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Study Measures Dust Levels Downwind of Poultry Houses

01 August 2013

US - A team at the University of Georgia has monitored dust levels downwind of modern, controlled-environment broiler houses.

Dust levels appear to be near background levels at distances greater than 30 metres from the exhaust fans of tunnel-ventilated broiler houses.

That is the main conclusion from a field study monitoring fine particulates downwind of these houses by researchers at the University of Georgia published in Journal of Applied Poultry Research.

Air emissions from animal feeding operations have become a growing concern for producers and their neighbours, according to John W. Worley and his colleagues. Much work has been done to quantify emission rates but little information has been provided about air quality downwind from these facilities.

The Athens study investigates levels of particulate matter ≤2.5µm in diameter as they dissipate from the exhaust fans of selected commercial, tunnel-ventilated, broiler houses in northeast Georgia.

Particulate matter ≤2.5µm in diameter was measured in real time using aerosol monitors and from a time-integrated basis using cyclone samplers. Data were taken over the last four weeks of a summer flock (considered a worst-case-scenario) and filtered to ensure enough data was present at each distance and time.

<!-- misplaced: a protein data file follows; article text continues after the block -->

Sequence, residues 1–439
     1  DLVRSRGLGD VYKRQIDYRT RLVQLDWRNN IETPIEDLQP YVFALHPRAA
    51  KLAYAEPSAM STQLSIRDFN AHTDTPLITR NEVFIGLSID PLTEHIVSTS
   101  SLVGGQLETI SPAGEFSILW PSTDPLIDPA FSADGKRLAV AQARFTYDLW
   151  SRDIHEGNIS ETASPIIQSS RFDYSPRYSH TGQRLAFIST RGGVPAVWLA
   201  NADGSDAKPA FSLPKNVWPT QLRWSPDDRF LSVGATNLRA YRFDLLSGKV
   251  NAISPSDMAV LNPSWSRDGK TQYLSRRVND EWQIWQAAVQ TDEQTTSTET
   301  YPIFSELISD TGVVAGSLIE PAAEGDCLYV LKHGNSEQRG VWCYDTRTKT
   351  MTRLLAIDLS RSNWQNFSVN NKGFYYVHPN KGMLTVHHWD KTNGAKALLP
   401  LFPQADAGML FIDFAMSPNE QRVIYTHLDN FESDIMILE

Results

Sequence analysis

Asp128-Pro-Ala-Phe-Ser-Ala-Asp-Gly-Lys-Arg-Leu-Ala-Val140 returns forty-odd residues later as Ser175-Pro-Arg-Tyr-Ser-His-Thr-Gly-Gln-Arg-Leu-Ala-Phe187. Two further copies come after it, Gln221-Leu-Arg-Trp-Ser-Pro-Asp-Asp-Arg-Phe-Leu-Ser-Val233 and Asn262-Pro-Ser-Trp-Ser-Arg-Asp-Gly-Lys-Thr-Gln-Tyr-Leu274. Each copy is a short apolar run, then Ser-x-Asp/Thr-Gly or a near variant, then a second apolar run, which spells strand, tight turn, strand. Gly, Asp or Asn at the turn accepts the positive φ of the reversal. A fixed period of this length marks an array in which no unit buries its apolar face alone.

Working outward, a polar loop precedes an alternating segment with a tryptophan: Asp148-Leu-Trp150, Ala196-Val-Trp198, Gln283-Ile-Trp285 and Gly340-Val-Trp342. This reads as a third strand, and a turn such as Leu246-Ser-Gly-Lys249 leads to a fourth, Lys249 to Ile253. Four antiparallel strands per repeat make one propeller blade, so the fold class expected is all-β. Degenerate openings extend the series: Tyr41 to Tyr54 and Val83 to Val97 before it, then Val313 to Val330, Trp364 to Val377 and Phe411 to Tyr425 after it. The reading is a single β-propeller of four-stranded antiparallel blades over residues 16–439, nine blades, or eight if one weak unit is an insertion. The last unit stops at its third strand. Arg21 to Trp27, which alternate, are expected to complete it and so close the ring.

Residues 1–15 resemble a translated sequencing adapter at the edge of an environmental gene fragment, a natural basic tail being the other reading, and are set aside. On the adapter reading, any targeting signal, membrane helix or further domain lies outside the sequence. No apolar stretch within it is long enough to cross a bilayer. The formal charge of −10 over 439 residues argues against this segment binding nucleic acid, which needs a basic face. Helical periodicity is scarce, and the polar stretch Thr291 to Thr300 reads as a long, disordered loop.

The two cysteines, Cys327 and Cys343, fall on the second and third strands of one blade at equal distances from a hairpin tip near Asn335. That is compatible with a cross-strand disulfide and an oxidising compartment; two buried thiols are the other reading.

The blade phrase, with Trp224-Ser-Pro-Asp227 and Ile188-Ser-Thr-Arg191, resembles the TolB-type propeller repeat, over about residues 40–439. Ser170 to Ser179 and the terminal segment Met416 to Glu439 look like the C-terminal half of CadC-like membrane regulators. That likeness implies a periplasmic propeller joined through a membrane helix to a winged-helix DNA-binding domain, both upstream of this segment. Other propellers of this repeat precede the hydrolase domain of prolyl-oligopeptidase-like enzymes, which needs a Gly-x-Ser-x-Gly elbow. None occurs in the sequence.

Based on these data, Worley and colleagues observed that there is a rapid reduction in fine particulate concentration as the distance from the source increases.

They added that, compared with nearby monitoring data, particulate levels appear to be near background levels at distances greater than 30 metres (100 feet) from the exhaust fans.


Worley J.W., L.P. Naeher, M. Czarick, B.D. Fairchild, C.W. Ritz and E. Irvin-Barnwell. 2013. Monitoring of fine particulates downwind of broiler houses - a field study. J. Appl. Poult. Res. 22(2):351-360. doi: 10.3382/japr.2012-00646

Further Reading

You can view the full report (fee payable) by clicking here.


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